Can’t Pay Student Loans? Here’s What You Should Do

Can’t Pay Student Loans? Here’s What You Should Do

Student loans are one of the hottest topics in the United States right now and a common source of financial hardship. For a while, it was expected that President Biden’s student loan forgiveness program would kick in and many would have to worry about their student loan payments. But now loan repayments are back in full swing.

If you can’t pay your student loans, you’re probably not alone. Between rent, insurance, and all your other bills, sometimes there simply isn’t enough money left over for your student loans.

If you’re one of the millions of Americans who’s burdened by student loan debt and can’t afford your monthly payments, you’ve come to the right place. This article looks at eight practical ways to help you maximize your savings so that you can make those pesky loan payments.

Try the Following If You Can’t Pay Student Loans

These tips are great for anyone on a graduated or standard repayment plan, but especially for those who don’t qualify for income-driven repayment plans, student loan deferment or forbearance, public service loan forgiveness, or a revised pay-as-you-earn repayment plan.

Cut Daily Costs

The first and most practical way to afford your monthly loan payments is to cut costs in other areas. That could mean eliminating your daily grande mocha latte from Starbucks or watching the new Marvel movie at home rather than in a theater.

Essentially, cutting daily costs means doing things such as making coffee at home or buying your groceries at Aldi or Walmart rather than at Whole Foods.

Cutting daily costs also means fewer shopping sprees or late-night purchases on Amazon.

Find a Side Hustle

Another great way to afford your monthly payments is to increase your income with a side hustle or part-time gig.

Thanks to the prevalence of online work and similar opportunities, side hustles are more popular than they’ve ever been. You can do anything from delivering groceries with Shipt or Instacart to delivering food with DoorDash or Grubhub.

You can also use skills from your day job to start freelancing on the side. Job sites such as Upwork and Fiverr, for example, list thousands of freelance gigs requiring skills such as writing, marketing, social media management, screenwriting, and much more.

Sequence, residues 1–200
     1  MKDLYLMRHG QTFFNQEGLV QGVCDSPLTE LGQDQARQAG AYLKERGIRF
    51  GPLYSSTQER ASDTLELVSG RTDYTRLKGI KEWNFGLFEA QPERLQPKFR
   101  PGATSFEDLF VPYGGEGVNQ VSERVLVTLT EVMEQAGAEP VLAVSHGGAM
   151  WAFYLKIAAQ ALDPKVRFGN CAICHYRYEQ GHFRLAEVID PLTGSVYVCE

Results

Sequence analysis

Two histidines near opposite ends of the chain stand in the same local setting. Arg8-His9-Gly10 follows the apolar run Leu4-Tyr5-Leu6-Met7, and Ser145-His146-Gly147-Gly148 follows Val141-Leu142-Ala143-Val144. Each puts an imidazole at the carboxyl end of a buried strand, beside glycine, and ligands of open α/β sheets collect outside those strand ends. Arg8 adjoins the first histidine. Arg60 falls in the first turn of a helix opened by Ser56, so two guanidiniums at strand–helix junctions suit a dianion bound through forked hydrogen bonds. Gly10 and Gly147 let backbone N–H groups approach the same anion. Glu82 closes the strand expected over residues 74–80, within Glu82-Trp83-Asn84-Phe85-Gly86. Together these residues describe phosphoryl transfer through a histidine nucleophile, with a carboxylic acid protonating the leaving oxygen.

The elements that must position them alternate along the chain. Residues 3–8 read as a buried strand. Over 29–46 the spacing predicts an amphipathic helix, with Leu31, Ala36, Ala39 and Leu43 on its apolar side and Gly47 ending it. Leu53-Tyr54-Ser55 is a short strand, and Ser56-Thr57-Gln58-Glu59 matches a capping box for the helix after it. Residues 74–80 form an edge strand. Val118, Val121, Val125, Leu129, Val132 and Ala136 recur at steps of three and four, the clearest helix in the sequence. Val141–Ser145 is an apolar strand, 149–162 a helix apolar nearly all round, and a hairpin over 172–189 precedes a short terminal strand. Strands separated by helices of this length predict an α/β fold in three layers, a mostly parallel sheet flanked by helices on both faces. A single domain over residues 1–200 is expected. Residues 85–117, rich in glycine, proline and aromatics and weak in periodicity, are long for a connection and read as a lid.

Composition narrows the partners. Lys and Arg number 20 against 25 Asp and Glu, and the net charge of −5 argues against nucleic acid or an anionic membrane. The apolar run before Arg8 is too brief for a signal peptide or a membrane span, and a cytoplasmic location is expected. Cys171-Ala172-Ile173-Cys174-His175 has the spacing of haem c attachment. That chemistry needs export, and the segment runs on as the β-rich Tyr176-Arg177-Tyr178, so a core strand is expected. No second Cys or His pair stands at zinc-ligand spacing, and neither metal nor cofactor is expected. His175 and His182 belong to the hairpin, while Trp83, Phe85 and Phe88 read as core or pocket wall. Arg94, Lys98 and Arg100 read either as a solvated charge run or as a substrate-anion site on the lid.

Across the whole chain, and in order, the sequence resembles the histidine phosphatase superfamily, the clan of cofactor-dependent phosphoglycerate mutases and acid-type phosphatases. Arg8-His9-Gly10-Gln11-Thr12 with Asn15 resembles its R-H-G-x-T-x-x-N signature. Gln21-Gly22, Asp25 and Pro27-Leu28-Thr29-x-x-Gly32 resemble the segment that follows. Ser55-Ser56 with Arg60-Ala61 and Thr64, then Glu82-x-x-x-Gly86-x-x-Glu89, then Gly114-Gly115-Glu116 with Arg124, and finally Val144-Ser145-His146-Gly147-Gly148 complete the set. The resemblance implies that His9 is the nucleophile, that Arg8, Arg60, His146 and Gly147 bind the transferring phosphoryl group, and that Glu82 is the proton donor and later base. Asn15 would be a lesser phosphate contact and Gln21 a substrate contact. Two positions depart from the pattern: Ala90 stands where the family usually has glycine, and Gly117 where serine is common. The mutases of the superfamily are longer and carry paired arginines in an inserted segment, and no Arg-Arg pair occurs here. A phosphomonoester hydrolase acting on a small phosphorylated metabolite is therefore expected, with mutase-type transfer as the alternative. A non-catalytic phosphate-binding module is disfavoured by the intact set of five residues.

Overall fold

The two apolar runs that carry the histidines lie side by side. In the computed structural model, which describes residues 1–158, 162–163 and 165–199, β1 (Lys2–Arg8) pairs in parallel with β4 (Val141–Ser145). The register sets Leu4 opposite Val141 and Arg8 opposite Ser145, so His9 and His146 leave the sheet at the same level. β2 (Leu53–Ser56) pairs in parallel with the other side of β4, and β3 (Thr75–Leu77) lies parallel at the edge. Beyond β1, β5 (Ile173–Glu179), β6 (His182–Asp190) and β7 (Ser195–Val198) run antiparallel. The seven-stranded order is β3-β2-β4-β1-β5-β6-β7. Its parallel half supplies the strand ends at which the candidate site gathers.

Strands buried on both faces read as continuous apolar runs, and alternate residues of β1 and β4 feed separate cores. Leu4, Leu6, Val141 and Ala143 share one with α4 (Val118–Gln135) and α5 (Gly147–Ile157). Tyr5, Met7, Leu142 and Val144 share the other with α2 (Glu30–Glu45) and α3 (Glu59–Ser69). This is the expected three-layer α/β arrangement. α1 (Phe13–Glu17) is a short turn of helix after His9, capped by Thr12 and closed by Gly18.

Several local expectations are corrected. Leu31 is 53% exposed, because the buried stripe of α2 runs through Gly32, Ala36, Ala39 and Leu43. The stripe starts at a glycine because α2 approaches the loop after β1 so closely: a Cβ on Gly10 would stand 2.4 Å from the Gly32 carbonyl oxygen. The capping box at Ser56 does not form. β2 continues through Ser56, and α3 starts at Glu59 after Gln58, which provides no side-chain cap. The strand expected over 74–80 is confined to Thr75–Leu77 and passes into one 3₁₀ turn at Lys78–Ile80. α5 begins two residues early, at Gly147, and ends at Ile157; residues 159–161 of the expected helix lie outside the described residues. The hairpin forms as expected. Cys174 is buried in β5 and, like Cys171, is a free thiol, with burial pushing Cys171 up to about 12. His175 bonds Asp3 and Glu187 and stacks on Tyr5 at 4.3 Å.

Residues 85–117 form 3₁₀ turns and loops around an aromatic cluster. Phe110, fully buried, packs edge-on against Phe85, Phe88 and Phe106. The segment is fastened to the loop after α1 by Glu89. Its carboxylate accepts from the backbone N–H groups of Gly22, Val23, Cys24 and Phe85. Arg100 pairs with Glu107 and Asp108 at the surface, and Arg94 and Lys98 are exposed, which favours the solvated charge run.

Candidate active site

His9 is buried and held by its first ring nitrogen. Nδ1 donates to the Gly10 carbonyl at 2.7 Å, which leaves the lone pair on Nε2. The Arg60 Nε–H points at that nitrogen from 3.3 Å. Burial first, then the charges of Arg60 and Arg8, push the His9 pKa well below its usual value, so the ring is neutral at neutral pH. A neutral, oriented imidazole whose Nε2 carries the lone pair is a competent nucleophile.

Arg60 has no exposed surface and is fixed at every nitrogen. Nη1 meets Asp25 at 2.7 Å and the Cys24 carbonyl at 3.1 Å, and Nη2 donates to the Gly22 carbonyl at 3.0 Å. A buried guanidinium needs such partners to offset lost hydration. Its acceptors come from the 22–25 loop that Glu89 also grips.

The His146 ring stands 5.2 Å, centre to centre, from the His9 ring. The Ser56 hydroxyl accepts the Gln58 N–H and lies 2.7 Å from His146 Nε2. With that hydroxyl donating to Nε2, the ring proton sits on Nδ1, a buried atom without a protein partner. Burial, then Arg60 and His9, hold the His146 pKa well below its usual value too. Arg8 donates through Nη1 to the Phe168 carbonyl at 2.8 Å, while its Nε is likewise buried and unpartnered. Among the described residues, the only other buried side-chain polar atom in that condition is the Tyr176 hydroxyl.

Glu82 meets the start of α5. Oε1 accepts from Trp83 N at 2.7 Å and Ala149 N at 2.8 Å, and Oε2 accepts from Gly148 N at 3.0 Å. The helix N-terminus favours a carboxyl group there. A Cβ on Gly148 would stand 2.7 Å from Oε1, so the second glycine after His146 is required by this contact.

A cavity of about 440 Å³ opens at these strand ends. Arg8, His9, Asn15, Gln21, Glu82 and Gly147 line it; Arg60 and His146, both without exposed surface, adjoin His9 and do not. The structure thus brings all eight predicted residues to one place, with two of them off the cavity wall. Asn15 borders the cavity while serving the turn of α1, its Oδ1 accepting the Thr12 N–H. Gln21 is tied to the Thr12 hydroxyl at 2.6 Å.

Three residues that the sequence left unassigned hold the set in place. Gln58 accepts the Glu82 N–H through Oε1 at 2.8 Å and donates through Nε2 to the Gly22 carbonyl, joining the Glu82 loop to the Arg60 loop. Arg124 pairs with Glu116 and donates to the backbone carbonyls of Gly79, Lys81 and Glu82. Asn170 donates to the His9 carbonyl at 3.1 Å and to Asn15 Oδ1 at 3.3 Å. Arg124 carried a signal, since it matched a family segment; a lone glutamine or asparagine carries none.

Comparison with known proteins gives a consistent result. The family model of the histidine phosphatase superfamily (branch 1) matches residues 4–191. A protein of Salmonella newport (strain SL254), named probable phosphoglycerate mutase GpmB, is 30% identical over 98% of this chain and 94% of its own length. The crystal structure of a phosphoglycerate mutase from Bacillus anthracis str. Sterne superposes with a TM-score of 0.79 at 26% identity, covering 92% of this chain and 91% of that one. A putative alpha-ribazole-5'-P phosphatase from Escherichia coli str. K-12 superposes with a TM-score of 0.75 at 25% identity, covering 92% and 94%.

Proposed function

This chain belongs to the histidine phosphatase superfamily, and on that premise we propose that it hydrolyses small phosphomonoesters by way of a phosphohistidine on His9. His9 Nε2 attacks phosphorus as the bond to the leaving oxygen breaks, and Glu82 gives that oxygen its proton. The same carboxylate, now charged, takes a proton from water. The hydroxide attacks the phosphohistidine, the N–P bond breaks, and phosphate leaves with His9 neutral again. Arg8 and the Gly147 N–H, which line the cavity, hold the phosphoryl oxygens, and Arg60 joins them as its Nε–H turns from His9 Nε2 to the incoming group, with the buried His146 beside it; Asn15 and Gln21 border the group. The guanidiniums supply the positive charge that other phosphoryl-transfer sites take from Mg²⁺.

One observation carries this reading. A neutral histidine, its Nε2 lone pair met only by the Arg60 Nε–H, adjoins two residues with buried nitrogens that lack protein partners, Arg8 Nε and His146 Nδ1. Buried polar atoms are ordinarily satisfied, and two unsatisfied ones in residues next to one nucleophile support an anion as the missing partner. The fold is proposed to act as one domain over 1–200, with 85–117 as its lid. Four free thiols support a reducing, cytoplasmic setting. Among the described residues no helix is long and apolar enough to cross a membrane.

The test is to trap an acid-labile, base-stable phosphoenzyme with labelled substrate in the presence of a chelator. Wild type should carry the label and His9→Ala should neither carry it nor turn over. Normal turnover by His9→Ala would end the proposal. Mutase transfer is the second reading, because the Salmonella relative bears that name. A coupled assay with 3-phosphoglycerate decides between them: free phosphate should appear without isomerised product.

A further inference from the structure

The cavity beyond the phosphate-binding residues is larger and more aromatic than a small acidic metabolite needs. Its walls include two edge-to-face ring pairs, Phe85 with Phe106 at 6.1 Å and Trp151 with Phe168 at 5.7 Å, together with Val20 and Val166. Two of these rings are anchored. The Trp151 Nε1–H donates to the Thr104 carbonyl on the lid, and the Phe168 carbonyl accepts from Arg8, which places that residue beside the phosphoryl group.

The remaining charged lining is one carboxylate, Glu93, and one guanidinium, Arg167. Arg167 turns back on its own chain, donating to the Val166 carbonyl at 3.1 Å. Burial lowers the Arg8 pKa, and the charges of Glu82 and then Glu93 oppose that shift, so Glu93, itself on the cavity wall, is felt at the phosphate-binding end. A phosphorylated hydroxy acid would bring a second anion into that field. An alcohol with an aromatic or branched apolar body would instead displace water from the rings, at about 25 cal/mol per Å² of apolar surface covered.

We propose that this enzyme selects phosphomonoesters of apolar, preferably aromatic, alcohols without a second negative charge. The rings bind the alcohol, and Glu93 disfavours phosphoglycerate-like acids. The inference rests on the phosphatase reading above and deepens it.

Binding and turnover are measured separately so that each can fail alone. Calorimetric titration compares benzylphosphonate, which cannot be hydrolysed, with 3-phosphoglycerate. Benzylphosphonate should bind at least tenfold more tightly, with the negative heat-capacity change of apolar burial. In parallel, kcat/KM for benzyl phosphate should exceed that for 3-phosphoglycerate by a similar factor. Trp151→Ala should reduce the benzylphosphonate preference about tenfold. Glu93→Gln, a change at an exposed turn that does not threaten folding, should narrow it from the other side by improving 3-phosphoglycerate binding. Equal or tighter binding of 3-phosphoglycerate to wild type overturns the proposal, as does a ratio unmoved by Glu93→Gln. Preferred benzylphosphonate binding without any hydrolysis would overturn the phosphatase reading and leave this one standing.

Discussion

There are also more labor-intensive side hustles, such as mowing lawns, cleaning houses, and assembling IKEA furniture.

Shop Smarter

Another great tip if you want to save money is to shop smarter. Shopping smarter means looking for sales and using coupons to purchase anything from groceries to clothing and everything in between.

Shopping smarter could also mean signing up for loyalty and rewards programs or purchasing things at a thrift store.

Cook at Home

Anyone who has a budget or tracks their spending knows that eating out is getting more expensive than ever. As such, preparing your food at home and eating out less is a great way to save money so that you can afford your loan payments.

It’s important to note that cooking at home more often doesn’t mean you can never eat out. Instead, you should change the way you think about eating out and view it as a special, occasional treat rather than an everyday thing.

Cash Back and Rewards Programs

While you can certainly cut back on your spending, you won’t be able to eliminate it altogether.

You still need to purchase groceries and clothing and make essential payments. Therefore, if you’re going to have to spend money anyway, you might as well join a rewards program so you can earn points and cash back when you do.

Many credit card companies, for instance, offer points and rewards when you use their card to make purchases and payments.

You can also do this with cellular apps, making rewards programs a great way to earn back some of your money as you spend it.